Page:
But really, I think the key is simply that these people aren’t professional military, so the rules don’t always get followed.

  2. Aaaand we finally reached the halfway point of this season. And I got to say, IBO is definitely turning out to be one of the best shows this fall. Hope it continues along this route.

    I really like this bit of brewing tension between Orga and Biscuit. And the later serves as a nice counterpoint for Mika in that he isn’t the all out “Yes sir!”guy to the former. Orga’s decisions here is certainly reckless, but it does makes sense, since they do need to show that their are on equal footing with the Turbines, which Ricardo Fellini, er, Naze seems to be expecting all along.

    Another thing that I like here so far is that. while these are just skirmishes (since you used that word) they are in no way the same as Reco’s skirmishes in that IBO treats as serious battles that have dangers every second. And these skirmishes aren’t random as far as narrative is concerned, as they move the plot quite well.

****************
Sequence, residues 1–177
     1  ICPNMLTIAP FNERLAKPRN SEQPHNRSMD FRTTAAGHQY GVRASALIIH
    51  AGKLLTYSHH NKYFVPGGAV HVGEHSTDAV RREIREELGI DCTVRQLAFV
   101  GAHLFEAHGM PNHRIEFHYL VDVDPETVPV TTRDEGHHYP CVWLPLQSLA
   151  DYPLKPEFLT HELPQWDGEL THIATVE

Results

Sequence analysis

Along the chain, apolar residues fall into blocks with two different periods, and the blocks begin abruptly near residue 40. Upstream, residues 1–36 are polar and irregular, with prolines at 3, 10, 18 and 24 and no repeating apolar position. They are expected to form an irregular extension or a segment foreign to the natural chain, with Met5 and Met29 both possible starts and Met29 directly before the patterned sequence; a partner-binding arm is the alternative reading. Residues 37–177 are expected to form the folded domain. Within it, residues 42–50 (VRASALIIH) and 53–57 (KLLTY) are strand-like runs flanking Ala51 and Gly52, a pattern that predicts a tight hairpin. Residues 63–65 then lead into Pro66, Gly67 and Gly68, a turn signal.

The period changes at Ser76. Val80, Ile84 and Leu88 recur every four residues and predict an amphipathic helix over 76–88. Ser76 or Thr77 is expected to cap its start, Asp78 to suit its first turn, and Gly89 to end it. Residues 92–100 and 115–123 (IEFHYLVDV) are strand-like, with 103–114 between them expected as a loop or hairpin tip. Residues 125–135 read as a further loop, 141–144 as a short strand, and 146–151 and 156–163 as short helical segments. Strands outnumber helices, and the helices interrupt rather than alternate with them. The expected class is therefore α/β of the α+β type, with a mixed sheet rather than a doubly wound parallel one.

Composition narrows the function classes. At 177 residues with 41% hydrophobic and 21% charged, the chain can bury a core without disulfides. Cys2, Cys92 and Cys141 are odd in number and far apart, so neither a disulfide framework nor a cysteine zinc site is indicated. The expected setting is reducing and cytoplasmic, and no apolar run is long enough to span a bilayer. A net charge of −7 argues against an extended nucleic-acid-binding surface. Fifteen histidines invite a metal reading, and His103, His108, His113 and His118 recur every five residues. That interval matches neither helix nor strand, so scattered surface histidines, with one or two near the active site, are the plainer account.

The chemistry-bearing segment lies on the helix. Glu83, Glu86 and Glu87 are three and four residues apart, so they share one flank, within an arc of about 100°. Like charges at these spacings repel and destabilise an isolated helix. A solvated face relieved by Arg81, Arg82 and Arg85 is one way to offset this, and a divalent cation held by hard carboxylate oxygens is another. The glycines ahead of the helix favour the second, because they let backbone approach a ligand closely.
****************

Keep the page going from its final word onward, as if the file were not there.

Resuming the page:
Definitely looking forward to the next ep. And those bits of Lafter, Aina, and Atra fanservice are actually quite amusing.

    1. I too liked the dynamic between Orga and Biscuit. Orga has two things that outline his decisions. He is fully invested in Tekkadan a making it a home for his men. His men have been and always will be his first priority. Along with that, he holds Mika’s (his brother is everything but blood) opinion and decisions even higher than his own. Mika doesn’t care to contribute much, but when he does, Orga listens and largely bases his decisions on what Mika has to say. Mika and Orga think on the same wavelength and while Orga is more vocal in his desires for Tekkaden, Mika wants these same things as well. So it works out between the two of them.

      Biscuit is just beginning to realize the relationship between Orga and Mika, and so he works as best he can with that. Biscuit unlike the other orphans, does have a family that he’s trying to support and get home to, so he tends to play it safe and go for the more cautious path. He would rather negotiate than fight. And his plan did make sense to try to get the Turbines to help them out. However, the deal that the Naze was offering would have put the orphans in the same position they were when they started: with nothing and owned by someone else.